4 kinds of music publishing royalties
There are four important types of royalties involved in music publishing – here we break down what each one is, and how they apply to your music.
Guest post by Katelyn Raterman of the Symphonic Blog
So you already know there are royalties associated with publishing, but what kind? Which ones do Symphonic’s Publishing Administration collect? How can you know if you’re earning those royalties as an independent artist who writes your own songs? In this post, we’ll break down all of this and more. Here are 4 important types of royalties involved in music publishing…
Before we dive in…
The two most common music publishing royalty types are performance royalties and mechanical royalties.
When you sign up with Symphonic’s Publishing Administration, these are the two main types of royalties we’ll collect for you. Even though we handle the annoying administrative work for you, it doesn’t hurt to understand how they work. As they say, knowledge is power.
1. Performance Royalties
WHO collects them?
Performance Rights Organizations (PROs). Each major world territory has one.
WHAT are they?
Performance Royalties are earned whenever a song is broadcasted or performed publicly.
HOW do I know if I’m earning performance royalties?
You’re definitely earning performance royalties if your song is:
- Played on internet radio (like Pandora)
- Played on “terrestrial radio” (i.e. 93.3 FM, 100.7 FM, etc.)
- Played on online streaming services like Spotify
- Performed at live venues or played in clubs (whether by you as a performer on your tour, by a well-known DJ in a club in Sweden, or by a cover band in a pub in Nashville)
- Played in businesses and retailers of all kinds (hotels, restaurants, retail stores, big offices, etc.) as background music
- Broadcasted on TV (whether on an episode of a TV show, on a sports channel in passing, or in an advertisement for another brand)
Keep in mind… Performance royalties are a special royalty type. Just because you’re distributing your music with a digital distributor like Symphonic doesn’t necessarily mean you’re earning performance royalties.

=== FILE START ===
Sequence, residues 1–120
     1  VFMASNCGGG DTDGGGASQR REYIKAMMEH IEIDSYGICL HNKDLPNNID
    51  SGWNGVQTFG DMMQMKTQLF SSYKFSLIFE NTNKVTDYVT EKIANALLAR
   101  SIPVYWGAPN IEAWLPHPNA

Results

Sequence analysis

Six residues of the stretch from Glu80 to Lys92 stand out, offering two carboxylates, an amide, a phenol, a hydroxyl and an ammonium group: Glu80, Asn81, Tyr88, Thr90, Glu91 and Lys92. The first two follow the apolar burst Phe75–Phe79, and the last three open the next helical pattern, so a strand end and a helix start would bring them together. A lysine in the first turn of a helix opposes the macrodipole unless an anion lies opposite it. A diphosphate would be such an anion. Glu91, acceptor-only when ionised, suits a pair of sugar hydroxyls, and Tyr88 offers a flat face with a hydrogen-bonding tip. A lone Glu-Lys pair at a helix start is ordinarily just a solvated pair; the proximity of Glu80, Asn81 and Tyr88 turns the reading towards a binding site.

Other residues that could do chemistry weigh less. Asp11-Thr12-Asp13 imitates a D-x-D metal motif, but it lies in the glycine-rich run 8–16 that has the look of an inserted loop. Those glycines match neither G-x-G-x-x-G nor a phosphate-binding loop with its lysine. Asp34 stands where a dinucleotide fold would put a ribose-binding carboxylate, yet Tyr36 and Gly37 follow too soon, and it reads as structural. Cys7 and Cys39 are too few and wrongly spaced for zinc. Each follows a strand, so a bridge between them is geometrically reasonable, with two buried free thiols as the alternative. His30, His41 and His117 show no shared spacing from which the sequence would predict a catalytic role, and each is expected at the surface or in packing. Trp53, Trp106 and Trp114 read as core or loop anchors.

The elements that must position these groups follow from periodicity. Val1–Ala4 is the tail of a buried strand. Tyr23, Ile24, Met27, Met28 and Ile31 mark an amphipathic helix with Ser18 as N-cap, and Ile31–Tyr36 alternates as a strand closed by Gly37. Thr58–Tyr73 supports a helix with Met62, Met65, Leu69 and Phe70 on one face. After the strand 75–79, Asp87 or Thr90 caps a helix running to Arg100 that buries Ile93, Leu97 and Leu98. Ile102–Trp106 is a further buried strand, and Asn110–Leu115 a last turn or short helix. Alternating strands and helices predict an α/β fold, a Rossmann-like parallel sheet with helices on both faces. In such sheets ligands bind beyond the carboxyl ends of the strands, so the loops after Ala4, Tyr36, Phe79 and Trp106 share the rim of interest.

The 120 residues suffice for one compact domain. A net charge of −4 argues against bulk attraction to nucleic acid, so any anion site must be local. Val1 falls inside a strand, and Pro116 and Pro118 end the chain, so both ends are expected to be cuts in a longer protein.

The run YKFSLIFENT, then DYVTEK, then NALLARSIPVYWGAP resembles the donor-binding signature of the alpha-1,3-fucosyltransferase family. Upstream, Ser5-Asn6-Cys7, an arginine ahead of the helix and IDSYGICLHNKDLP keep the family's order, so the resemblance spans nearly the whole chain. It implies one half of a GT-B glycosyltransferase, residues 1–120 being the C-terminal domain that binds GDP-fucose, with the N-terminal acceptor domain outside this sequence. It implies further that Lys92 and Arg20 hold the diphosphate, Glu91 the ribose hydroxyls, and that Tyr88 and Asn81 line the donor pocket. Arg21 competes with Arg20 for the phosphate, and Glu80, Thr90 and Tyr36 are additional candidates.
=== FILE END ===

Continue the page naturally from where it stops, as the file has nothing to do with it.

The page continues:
2. Mechanical Royalties
WHO collects them?
Mechanical royalties are collected from mechanical collection societies. Each major world territory has one of these, too.
WHAT are they?
Mechanical royalties are earned per-unit when a song is sold on a “mechanically reproduced” physical medium like vinyl, physical CDs. Nowadays, this includes digital downloads and internet streaming.
“Mechanical” can sound like a confusing word in the digital age, but the word “mechanical” stems from the fact that back in the early days of the music industry, compositions were physically or mechanically manufactured and reproduced onto physical products for public consumption.
HOW do I know if I’m earning mechanical royalties?
You’re earning mechanical royalties when your song is:
- Manufactured and sold on physical CD/vinyl products
- Reproduced into ringtones and sold as a ringtone
- Streamed through interactive streaming services (on Spotify, Rdio, Beats, etc.)
- Sold in digital retailers for digital downloads (on iTunes, Beatport, Amazon, etc.) outside of the USA.
Note: In the USA, the mechanical royalty share goes straight from iTunes to the distributor to the label. But in countries outside of the USA, your mechanical royalty is getting picked up from iTunes and thrown elsewhere.
If you are distributing your music to stores and streaming platforms worldwide using a digital music distributor like Symphonic Distribution and you’re seeing sales and streams result, you are definitely earning mechanical royalties.
Need some more clarification? Check these out:
3. Print Royalties
Print royalties are earned whenever a composition is transcribed onto sheet paper, printed in songbooks, and published for the general population to purchase and play your music at home on their personal instruments for fun. These royalties are really only applicable to a songwriter if he/she has a Top 40 Radio Hit.
(Think little pre-teens taking piano lessons and buying Taylor Swift sheet music online or purchasing a Guns N’Roses hit on sheet music to sight read on guitar.)
4. Ringtone Royalties
If your song is reproduced as a ringtone and sold as a ringtone, you earn a royalty.
Simple as that, really.
To wrap it all up…
Symphonic’s Publishing Administration was designed to help artists just like you collect the royalties you are rightfully owed. Like we mentioned earlier, the core of what we collect for you are your mechanical and performance royalties. We do this by registering each one of your songs in every individual performance AND mechanical rights organization in over 60 territories.
So, no matter how your song was, is, or will be used – downloads, streams, internet radio plays, performances by DJs, anything – our publishing administration can collect the maximum amount of mechanical and performance royalties you deserve. We’re here to help.
Interested in getting started? // Click here to learn more and sign up.